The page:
# How to protect oneself against strong magnetic fields?

Spacecraft in my Scifi setting use strong magnetic fields for many purposes. Fusion containment, magnetic nozzles, gauss guns, magnetic fields as pusher-plates for nuclear pulsed propulsion and defensive plasma-windows as well as cure-point sand casters are among the technologies using large and powerful magnetic fields.

How can I protect people (often with implants) and machines from the effects of multi-tesla magnetic fields?

Optimally the protection can be added to a spacesuit, but solutions only applicable as shielding structures would also be acceptable. Passive solutions are better than ones needing energy or constant maintenance. What are my options?

• Strong magnetic fields are totally harmless to humans, and to implants too if you design them accordingly. See MRI. Also strong fields are rather costly, you want to limit them to the space where they are needed, especially to keep them from interacting.
– Karl
Nov 3, 2019 at 21:44

Happily, many of those magnetic fields are associated with environments that are so intrinsically hostile to everything... not just life, but even dumb matter, that really nothing other than specialised (and replaceable!) materials should be out there anyway.

Active coilguns? You're presumably in a battle, which means you're also currently doing a meaty impression of a whipple shield. Active magnetic nozzle? If the field is powerful enough to be hazardous, then the amount of EM and fast particle radiation coming out of the nozzle will be enough to toast you. Active pusher plate on a mag-orion? YOU ARE GOING TO BE NUKED! GET THE HELL OUT OF THERE!

In the same way that it doesn't make much practical sense to ask how to protect your meatbags from the blast around the muzzle of battleship-sized cannon, or from the multi-thousand-kelvin flames coming out of a big rocket engine, or the radiation coming out of a live (or recently hot) fuel rod, the simplest solution is just "don't go there". There's little you can do there that's of practical use.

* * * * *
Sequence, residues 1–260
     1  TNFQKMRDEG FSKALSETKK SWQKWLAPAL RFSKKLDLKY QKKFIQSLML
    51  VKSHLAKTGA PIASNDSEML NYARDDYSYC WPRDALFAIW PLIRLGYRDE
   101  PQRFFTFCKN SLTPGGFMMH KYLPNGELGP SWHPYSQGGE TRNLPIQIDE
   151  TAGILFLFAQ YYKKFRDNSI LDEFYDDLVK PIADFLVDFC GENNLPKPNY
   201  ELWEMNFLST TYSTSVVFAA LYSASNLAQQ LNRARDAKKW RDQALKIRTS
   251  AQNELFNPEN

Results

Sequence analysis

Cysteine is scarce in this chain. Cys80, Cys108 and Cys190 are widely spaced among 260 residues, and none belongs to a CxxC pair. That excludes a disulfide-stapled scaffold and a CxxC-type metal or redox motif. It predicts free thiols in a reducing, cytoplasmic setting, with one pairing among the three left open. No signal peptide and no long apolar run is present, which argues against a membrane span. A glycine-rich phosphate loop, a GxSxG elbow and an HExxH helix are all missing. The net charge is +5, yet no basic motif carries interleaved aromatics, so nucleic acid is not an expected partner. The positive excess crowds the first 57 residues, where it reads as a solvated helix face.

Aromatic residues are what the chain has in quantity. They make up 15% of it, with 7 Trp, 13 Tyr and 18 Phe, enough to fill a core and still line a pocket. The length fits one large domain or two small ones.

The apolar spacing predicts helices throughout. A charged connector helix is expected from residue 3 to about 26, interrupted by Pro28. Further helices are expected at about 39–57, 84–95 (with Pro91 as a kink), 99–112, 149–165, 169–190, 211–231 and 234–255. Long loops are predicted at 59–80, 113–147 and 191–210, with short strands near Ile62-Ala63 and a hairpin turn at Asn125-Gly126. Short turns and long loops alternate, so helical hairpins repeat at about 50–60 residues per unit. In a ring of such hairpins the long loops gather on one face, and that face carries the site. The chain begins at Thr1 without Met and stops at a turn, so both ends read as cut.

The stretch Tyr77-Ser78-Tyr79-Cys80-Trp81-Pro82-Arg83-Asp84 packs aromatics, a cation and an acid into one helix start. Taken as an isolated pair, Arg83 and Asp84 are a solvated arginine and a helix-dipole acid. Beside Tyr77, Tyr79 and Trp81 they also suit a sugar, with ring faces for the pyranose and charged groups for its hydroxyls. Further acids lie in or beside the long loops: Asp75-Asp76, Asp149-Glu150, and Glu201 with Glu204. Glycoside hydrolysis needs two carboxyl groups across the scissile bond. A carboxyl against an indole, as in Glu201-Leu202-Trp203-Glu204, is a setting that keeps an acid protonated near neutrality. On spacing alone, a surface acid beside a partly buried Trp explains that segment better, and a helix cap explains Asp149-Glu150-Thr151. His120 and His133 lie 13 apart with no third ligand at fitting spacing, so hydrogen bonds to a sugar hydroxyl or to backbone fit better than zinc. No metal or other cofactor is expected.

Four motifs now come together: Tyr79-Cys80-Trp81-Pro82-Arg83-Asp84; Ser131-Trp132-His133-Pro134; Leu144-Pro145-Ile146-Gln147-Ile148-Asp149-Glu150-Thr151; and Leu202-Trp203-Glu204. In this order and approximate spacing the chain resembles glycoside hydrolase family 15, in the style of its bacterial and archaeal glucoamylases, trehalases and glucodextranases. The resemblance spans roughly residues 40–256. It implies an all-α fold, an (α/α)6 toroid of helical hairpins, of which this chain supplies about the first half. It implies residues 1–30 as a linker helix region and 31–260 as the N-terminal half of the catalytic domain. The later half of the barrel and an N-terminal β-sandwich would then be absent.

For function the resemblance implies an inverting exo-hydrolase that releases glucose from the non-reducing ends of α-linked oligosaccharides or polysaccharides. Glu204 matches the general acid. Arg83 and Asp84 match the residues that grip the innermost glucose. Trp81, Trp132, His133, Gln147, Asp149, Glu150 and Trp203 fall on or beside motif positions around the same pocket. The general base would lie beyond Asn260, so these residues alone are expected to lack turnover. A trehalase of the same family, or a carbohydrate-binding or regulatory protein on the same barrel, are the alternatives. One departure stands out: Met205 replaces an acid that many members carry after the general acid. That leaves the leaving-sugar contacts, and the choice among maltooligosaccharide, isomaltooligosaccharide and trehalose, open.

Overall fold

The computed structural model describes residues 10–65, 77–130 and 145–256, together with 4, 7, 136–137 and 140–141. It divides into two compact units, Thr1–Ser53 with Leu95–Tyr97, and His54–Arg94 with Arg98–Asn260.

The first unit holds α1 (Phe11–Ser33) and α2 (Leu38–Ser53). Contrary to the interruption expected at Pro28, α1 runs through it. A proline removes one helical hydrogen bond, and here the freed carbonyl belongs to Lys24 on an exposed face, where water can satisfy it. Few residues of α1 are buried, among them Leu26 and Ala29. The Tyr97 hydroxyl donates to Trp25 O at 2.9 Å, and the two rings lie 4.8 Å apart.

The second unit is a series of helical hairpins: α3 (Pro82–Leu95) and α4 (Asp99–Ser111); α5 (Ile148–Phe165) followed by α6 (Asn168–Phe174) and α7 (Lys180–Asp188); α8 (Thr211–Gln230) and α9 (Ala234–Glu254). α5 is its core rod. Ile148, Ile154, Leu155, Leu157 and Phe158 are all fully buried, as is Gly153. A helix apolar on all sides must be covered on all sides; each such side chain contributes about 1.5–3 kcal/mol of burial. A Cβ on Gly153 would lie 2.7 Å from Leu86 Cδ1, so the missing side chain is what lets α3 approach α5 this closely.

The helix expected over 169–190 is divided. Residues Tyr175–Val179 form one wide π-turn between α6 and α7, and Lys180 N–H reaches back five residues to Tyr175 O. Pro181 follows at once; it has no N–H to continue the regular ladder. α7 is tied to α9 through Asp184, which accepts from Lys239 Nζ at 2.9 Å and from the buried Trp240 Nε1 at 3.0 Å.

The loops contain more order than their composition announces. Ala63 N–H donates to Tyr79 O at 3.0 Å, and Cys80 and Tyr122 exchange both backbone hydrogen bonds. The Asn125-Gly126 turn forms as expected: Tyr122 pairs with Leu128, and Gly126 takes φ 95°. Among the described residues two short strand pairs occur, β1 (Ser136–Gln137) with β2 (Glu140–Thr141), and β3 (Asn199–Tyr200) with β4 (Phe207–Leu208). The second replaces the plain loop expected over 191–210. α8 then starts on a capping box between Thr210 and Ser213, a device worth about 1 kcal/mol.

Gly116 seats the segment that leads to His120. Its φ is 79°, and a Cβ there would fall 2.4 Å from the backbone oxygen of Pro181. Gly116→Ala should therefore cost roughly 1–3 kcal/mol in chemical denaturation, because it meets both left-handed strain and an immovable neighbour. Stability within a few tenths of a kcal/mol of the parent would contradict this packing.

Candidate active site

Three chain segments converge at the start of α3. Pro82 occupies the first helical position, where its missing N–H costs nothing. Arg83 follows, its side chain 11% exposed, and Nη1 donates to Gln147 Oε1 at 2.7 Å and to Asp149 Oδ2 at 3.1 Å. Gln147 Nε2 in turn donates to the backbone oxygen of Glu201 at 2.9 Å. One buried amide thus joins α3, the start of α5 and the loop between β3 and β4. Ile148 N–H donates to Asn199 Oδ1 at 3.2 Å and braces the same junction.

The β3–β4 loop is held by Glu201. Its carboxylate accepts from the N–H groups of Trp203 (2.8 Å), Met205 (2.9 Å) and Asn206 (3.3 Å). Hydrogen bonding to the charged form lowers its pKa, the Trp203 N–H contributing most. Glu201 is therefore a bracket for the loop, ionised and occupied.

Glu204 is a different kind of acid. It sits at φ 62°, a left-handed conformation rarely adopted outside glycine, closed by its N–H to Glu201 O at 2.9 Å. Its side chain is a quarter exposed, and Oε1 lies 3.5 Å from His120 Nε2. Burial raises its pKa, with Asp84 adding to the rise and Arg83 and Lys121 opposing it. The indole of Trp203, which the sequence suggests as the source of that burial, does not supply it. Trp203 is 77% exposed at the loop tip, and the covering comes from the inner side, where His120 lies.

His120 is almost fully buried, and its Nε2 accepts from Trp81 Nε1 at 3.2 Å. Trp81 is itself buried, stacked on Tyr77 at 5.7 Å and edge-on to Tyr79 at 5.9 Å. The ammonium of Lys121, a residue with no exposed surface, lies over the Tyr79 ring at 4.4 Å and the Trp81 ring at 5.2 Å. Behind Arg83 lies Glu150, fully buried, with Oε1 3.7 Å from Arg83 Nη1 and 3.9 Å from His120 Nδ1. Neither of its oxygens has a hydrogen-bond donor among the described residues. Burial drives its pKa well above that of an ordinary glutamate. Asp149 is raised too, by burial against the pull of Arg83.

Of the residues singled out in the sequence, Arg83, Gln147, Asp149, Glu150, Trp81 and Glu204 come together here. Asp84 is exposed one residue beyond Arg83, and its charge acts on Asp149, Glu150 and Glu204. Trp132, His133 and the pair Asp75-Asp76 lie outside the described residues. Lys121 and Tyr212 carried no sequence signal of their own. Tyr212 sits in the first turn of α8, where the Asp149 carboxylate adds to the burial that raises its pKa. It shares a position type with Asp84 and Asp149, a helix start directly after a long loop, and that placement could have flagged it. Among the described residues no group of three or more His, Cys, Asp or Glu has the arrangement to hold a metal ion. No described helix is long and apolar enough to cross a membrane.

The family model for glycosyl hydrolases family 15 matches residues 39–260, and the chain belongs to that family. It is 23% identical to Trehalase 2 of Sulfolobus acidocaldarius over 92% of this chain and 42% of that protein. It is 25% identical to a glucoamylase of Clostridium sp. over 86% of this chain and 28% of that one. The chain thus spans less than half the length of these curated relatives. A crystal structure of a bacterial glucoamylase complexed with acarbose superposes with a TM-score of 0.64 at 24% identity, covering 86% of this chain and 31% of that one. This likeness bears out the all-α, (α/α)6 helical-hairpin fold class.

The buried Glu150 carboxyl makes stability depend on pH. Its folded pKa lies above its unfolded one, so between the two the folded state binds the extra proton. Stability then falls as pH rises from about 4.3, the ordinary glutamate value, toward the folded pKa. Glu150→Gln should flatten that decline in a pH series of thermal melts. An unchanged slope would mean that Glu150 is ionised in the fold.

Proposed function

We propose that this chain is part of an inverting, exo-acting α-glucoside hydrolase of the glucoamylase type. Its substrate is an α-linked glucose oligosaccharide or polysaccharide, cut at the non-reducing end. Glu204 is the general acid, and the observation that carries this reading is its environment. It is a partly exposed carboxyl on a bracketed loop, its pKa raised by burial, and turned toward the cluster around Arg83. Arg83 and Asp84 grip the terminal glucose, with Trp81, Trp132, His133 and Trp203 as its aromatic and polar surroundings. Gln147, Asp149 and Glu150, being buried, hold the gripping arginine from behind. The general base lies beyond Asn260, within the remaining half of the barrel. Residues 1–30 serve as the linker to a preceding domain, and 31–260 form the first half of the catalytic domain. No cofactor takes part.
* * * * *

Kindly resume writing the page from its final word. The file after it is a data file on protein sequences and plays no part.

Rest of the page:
That said, lets assume you do want to trick humans into becoming ablative armour or reaction mass in your nuclear engine. You can use a superconducting container to protect you from external magnetic fields, mechanical systems for controlling external manipulators and carefully designed prismatic optics to let you see out without to much of the outside getting in. von Braun's classic "bottle spacesuit" might be a good starting model for this:

Your superconductors are likely to be rigid, after all, and you don't want them to deform in the presence of a strong magnetic field so a solid miniature spaceship of this sort is probably the way to go. By way of a bonus, such a ship can keep the same pressure and atmospheric mix as its parent spacecraft, avoiding the issues that present-day astronauts have with de- and re-pressurising before spacewalks.

However

Above a certain temperature (the critical temperature $$T_c$$) or above a certain magnetic field strength ($$H_c$$ for type-I superconductors or $$H_{c2}$$ for type-II) superconductivity will break down and you'll be fully exposed to the external field. For type-II superconductors, there's a lower temperature threshold, $$H_{c1}$$, above which some of the magnetic field will penetrate the object and you'll get other odd effects , like being pinned in place (obviously bad, or at least inconvenient).